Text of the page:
"It's time to say: enough," the UN secretary-general said.
"Enough of brutalizing biodiversity. Enough of killing ourselves with carbon. Enough of treating nature like a toilet. Enough of burning and drilling and mining our way deeper. We are digging our own graves."
He urged the delegates to: "Choose ambition. Choose solidarity. Choose to safeguard our future and save humanity."
The British prime minister warned delegates of "uncontainable" public anger if the conference fails and said future generations "will not forgive us".
"They will know that Glasgow was the historic turning point when history failed to turn," he said.
"They will judge us with bitterness and with a resentment that eclipses any of the climate activists of today -- and they will be right."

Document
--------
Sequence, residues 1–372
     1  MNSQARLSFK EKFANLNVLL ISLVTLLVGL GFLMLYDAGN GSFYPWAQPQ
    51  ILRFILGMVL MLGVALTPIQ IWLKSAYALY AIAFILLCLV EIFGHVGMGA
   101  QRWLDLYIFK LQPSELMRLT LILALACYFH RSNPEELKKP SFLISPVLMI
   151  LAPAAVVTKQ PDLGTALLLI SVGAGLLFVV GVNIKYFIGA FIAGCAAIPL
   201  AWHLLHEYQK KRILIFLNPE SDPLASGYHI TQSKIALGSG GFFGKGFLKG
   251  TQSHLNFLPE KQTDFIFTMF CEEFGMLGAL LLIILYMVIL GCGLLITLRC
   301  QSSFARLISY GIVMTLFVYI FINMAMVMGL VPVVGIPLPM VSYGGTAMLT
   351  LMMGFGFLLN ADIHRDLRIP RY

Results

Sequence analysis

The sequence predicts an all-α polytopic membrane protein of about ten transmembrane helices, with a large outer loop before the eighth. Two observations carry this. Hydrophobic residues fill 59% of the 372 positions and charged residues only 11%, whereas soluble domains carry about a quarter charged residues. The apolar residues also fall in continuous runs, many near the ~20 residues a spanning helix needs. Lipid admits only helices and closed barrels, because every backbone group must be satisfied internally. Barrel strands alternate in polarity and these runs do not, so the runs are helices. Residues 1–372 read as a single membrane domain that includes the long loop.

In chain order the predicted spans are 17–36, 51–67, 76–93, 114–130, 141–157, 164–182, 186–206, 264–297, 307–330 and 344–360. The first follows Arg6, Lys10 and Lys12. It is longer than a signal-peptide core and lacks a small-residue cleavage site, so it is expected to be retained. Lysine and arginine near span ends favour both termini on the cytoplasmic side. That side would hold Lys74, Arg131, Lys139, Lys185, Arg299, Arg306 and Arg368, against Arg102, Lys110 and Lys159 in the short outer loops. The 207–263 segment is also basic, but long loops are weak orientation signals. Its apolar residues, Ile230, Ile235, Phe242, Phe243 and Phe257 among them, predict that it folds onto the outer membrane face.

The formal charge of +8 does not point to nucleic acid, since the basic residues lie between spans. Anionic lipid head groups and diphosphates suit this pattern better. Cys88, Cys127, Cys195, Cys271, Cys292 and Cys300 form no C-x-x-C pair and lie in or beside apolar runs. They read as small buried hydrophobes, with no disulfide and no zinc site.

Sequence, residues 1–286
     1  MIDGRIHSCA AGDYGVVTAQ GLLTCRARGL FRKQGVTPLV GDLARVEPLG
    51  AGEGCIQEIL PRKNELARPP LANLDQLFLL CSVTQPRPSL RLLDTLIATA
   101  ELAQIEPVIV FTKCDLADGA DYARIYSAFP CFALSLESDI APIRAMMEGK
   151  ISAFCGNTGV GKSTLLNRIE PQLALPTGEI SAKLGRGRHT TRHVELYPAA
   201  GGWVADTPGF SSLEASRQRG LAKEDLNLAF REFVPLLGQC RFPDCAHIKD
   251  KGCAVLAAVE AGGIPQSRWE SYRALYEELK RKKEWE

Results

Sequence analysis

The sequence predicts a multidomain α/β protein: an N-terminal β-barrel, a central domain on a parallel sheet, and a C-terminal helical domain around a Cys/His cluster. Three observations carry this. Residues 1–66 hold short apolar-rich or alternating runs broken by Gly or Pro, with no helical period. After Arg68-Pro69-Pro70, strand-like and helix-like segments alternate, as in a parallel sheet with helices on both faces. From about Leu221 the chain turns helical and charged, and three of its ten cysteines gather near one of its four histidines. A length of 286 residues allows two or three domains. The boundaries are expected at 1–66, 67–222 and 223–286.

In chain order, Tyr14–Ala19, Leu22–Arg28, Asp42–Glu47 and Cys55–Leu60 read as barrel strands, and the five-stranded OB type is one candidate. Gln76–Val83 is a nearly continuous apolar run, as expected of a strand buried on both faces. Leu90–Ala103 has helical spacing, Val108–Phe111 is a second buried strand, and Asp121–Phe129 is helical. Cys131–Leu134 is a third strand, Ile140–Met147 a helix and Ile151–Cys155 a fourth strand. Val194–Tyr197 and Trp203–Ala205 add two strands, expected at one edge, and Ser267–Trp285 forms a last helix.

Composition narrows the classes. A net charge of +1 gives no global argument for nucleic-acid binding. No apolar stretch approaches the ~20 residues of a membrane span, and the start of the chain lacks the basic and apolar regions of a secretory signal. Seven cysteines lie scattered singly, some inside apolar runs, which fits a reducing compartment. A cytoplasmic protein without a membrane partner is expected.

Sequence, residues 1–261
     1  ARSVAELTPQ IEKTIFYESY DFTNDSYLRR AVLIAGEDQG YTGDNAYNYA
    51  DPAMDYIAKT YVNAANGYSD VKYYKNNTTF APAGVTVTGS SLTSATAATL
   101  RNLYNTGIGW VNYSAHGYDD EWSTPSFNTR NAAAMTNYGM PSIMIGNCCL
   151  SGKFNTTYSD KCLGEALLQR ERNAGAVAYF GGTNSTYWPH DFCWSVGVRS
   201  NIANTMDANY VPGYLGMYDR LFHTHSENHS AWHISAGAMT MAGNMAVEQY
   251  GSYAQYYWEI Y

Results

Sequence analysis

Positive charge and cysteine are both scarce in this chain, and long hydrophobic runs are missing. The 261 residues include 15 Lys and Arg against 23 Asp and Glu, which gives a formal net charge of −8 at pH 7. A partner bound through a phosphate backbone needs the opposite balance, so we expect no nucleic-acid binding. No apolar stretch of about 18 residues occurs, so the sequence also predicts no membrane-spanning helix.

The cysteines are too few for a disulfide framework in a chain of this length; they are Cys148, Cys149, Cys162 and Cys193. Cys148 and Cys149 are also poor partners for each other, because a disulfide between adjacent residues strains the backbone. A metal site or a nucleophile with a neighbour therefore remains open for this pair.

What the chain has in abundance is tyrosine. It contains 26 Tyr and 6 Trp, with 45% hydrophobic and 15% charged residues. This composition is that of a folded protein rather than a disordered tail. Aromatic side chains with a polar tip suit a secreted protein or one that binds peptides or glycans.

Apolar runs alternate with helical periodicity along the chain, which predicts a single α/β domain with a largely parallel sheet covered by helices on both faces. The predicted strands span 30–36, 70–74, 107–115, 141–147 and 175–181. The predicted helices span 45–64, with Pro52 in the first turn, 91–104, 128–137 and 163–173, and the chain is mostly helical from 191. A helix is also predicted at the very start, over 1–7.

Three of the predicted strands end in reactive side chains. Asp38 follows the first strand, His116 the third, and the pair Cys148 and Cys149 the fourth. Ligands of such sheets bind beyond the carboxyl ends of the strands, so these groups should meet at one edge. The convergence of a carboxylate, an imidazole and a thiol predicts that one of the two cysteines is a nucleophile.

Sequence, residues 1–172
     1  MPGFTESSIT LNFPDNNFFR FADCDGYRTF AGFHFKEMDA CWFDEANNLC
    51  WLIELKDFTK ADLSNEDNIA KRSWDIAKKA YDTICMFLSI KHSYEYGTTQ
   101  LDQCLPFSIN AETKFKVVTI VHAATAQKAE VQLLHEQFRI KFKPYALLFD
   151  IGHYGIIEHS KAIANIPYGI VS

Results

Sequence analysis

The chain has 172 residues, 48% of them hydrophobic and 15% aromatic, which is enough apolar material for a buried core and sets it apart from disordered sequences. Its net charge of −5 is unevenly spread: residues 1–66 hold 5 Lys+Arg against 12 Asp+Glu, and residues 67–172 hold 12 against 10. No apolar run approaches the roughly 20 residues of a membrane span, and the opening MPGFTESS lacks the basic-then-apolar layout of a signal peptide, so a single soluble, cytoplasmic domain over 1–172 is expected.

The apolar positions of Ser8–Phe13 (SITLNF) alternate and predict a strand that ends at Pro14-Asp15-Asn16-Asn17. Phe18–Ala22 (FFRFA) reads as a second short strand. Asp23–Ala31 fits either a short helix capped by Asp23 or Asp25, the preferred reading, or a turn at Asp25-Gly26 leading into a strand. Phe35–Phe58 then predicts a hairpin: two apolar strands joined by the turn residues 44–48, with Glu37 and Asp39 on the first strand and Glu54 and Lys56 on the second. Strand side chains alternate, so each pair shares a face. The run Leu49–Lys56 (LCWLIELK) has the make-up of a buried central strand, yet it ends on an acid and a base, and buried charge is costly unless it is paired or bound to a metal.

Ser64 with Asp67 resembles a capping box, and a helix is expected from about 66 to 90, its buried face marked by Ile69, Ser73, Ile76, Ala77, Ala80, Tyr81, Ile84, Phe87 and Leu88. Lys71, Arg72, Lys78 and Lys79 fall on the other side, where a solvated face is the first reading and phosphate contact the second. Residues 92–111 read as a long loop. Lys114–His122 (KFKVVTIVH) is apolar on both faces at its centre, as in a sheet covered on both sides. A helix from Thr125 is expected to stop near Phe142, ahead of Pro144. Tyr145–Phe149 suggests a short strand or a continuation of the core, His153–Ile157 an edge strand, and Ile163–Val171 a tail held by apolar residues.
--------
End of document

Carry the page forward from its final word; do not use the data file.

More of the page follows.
The Barbados prime minister said failure to provide nations with the funds to protect themselves and adapt to climate change was "measured in lives and livelihoods in our communities".
"That my friends is immoral and it is unjust," she said.
"We want to exist in a hundred years from now. And if our existence is to mean anything, then we must act in the interest of all our people who are depending on us."
The Italian prime minister, who has just hosted G20 leaders in Rome, said COP26 "must now go further" than that conference.
"COP26 must be the start of a new momentum, a quantum leap in our fight against climate change," he said.
"We need a vast military-style campaign to marshal the strength of the global private sector. With trillions at its disposal," the heir to the British throne said.
Sir David Attenborough
"Perhaps the fact that the people most affected by climate change are no longer some imaginary future generations but young people alive today... perhaps that will give us the impetus we need to rewrite our story, to turn this tragedy into a triumph."